The craft of chocolate making is traced back to 2,000 BCE in Mesoamerica and to this day, the way Mexicans prepare it is similar to the way they do it today.

The cacao beans are typically roasted, peeled, and then ground into a paste using either a metate, which is a traditional tool for hand-grinding material,.

A rustic presentation with hand-made Mexican chocolate creates an enchanting ambiance.

In Mexico, some chocolate is labeled “Criollo” if it contains at least 10% cacao.

These varieties with spices, chiles, and nuts are commonly seen, but as the art of chocolate making evolves, many makers are opting to add unusual, funky ingredients like lavender and popped amaranth.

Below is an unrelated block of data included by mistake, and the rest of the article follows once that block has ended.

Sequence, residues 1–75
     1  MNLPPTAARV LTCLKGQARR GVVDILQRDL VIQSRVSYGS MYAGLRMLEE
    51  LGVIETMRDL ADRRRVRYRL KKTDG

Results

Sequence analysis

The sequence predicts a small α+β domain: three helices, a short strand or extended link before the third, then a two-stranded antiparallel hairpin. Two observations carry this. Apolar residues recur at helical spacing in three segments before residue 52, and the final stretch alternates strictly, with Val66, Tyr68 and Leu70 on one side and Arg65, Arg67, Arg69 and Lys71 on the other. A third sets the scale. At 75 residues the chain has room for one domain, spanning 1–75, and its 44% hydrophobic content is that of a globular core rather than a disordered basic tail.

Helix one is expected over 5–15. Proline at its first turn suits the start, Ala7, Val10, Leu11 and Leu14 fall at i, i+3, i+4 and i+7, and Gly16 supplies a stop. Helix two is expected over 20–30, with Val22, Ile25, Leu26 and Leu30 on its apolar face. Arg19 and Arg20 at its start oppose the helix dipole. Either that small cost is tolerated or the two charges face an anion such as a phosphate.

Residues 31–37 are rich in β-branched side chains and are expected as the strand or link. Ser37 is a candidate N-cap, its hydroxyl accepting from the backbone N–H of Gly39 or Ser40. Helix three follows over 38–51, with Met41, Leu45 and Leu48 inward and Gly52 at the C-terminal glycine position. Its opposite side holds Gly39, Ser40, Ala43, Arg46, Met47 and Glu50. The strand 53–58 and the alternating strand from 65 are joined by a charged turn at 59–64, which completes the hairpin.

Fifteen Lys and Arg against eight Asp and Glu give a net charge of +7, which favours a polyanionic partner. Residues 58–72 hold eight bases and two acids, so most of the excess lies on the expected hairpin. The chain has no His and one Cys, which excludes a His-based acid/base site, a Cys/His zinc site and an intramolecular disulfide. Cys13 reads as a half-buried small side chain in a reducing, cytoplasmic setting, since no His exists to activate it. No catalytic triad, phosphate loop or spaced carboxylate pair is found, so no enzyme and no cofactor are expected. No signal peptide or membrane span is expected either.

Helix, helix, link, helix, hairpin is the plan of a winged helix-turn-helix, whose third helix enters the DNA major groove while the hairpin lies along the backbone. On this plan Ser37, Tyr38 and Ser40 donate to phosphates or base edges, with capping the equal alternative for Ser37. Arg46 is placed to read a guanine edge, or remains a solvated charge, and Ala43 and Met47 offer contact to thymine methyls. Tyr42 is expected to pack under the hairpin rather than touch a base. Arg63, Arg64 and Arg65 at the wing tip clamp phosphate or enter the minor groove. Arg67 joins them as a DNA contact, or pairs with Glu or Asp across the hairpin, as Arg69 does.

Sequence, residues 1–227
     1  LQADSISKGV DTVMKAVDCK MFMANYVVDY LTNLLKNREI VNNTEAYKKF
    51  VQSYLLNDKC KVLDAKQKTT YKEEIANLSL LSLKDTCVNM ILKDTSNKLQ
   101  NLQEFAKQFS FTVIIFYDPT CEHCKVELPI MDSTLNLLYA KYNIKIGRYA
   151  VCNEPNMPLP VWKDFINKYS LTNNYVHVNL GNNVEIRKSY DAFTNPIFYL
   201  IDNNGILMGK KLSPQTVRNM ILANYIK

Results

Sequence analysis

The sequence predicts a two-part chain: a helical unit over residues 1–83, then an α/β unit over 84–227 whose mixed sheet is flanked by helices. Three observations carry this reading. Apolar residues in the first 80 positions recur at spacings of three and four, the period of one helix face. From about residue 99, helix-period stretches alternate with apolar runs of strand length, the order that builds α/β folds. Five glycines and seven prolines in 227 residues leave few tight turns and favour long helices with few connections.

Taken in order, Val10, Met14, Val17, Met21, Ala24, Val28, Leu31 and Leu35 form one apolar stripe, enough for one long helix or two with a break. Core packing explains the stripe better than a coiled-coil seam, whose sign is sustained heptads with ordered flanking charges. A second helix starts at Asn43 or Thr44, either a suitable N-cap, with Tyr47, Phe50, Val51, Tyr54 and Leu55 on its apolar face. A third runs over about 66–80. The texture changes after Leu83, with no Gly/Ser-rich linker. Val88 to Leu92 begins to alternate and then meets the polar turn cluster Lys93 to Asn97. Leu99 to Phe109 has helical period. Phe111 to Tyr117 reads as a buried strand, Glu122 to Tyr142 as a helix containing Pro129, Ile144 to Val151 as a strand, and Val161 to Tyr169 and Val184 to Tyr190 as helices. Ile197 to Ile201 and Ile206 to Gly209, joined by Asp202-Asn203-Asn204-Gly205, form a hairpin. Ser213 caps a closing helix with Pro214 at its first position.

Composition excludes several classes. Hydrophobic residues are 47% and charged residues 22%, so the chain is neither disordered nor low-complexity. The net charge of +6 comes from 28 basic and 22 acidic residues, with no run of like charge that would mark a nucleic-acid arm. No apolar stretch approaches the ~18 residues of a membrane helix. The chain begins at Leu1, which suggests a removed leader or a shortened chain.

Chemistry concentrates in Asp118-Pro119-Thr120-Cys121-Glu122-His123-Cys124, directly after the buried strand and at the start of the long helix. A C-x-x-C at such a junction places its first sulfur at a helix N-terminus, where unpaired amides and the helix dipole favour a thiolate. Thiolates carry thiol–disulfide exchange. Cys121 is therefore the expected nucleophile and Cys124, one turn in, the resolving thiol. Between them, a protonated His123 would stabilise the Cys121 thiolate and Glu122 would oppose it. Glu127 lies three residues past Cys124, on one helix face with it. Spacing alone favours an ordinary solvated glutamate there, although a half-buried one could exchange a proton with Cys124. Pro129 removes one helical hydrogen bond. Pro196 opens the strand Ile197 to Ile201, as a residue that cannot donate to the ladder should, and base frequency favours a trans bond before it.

Substitutes Of Mexican Chocolate


Chocolate chips are made by grinding roasted cocoa beans into a smooth paste.

Chocolate Chips

Bittersweet chocolate is a type of dark chocolate that contains a higher percentage of cocoa solids and less sugar than milk chocolate.

Bittersweet or Semi-Sweet Chocolate

Unsweetened cocoa powder is made from 100% cacao beans and has a strong, bitter flavor.

Unsweetened Cocoa Powder

Dark chocolate is a type of chocolate that is a darker version of regular chocolate and has more cocoa solids and less milk than other types of chocolate.

Dark Chocolate

Carob is a unique, versatile ingredient that can be used in sweet and savory dishes. There’s a slight hint of chocolate, but it’s not as intense as cocoa powder.

Carob Powder

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